Often, information that is misleading, inauthentic, or generally off-brand gets posted about people online. Just because this information exists doesn’t mean it represents the subject in a genuine way. If you Google your own name, and you don’t like what you find, you may need to reinvent your online presence. Old photos from college, press coverage about a previous career path, or opinionated political posts that no longer reflect your views could be standing in the way of your clear personal brand. By examining your digital footprint, you can determine whether your online presence needs refiguring.
How do you measure your online reputation? When you are examining your digital footprint, consider all of the information about you that is online. The internet is vast, and there is a lot of ground to cover. You may need to start from scratch and move through the map section by section. Take notes about which content bolsters your brand and highlights your strengths, and which content shines a negative light.
As you work your way through the Reputation Map, comb through each page and profile. Delete any removable content that doesn’t support the image you are hoping to create. Clean up social media profiles. Scan each post, comment, tagged photo, and video tied to your name. Ask yourself, “Does this data paint me in a way I want others to see me?”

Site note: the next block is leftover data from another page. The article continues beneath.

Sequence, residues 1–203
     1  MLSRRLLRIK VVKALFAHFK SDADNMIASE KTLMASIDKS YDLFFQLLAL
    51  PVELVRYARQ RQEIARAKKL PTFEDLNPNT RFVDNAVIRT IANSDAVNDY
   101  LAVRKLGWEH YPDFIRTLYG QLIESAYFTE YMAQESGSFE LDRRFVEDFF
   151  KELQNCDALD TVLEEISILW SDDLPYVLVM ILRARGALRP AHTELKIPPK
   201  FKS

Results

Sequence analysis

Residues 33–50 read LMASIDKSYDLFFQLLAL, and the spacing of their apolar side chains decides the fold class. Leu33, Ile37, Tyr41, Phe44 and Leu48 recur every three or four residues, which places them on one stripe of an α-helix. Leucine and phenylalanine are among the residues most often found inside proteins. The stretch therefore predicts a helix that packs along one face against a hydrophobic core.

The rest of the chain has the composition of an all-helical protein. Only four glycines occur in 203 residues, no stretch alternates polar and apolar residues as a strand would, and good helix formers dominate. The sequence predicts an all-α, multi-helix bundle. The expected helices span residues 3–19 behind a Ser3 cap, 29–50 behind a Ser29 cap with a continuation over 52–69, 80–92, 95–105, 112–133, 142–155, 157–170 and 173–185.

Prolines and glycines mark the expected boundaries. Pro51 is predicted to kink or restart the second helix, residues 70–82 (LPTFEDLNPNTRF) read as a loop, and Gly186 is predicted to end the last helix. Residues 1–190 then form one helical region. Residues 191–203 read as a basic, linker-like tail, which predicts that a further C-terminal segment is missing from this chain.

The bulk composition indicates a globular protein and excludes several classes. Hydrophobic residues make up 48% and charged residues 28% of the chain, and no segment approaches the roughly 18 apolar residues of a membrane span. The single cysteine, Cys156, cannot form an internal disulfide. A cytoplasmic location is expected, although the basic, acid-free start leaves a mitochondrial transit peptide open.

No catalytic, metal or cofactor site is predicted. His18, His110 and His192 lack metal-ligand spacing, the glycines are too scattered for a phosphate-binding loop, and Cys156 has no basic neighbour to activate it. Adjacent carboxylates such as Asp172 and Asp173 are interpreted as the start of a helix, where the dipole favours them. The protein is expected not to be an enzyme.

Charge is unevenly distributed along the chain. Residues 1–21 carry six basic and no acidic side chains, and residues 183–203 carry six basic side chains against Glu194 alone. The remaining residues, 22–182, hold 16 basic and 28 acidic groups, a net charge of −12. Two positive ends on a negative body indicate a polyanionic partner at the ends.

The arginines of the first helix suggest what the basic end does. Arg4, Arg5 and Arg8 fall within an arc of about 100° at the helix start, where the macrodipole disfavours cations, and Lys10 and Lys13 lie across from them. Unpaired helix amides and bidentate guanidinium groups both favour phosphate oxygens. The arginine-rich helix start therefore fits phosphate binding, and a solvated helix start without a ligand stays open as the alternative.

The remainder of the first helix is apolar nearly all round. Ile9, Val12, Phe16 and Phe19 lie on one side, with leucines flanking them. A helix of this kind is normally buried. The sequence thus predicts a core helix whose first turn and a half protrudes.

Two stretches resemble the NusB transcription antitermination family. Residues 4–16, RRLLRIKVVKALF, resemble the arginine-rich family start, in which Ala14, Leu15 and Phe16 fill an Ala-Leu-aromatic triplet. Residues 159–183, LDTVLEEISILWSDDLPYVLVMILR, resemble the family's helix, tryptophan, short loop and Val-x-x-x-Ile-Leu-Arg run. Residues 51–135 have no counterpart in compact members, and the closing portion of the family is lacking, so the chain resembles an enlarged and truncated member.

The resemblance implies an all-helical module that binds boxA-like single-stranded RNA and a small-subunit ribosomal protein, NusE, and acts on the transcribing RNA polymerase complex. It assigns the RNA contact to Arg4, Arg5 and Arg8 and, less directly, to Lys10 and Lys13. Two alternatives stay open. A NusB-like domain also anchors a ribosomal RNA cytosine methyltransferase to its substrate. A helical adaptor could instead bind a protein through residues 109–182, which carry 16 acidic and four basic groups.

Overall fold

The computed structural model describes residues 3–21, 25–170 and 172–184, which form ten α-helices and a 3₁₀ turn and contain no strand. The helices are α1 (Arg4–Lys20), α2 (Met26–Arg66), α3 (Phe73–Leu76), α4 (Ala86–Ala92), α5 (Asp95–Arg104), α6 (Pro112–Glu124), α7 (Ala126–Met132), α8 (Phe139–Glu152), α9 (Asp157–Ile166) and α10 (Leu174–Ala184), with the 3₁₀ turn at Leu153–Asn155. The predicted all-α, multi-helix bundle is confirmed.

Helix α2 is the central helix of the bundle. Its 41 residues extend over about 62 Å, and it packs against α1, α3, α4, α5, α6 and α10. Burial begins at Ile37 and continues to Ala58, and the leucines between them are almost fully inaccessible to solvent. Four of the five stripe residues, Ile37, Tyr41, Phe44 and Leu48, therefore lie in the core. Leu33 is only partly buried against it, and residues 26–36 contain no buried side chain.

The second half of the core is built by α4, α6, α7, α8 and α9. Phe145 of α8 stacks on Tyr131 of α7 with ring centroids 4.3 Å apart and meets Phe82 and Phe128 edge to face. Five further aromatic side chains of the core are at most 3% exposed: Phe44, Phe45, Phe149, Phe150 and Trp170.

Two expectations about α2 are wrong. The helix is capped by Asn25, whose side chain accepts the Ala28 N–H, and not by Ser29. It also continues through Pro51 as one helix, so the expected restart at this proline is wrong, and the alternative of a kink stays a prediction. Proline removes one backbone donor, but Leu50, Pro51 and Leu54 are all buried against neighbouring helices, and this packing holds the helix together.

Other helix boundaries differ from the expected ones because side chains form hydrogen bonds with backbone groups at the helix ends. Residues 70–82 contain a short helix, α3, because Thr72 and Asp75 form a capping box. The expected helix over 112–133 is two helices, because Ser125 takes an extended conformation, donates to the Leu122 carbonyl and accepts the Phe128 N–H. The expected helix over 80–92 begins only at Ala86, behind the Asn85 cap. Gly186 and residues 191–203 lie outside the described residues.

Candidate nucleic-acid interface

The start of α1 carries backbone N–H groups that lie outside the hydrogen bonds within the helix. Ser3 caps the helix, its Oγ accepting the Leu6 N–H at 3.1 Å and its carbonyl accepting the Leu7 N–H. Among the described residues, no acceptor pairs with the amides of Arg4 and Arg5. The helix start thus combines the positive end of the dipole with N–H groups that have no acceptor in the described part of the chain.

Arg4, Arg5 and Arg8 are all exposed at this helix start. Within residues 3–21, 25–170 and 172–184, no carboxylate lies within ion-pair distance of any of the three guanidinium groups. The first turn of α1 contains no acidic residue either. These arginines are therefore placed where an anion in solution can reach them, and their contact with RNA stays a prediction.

While examining each profile, also look for opportunities to add new content that supports your brand. If you have news, photos, videos, or other media that compliments your online image, update your social platforms. If you don’t, create a to-do list of content that will add to your positive online image. Take new photos, write a blog post, or gather testimonials. Be specific and focus on the brand you set out to build – details such as what you are wearing in your headshot, or the name of your website, will all influence your new digital “look.”
Kate suggests starting rebuilding with Linkedin. “For most people, a strong Linkedin profile is the first step. Be clear in your summary about who you are and what your experience is. If you’re looking for a new job, make it clear what job you’re looking for. We are all online today, and it’s easier than ever to find out information about people. That means you should expect people to read about you online, and you should make sure your online presence is reflecting your personal brand.”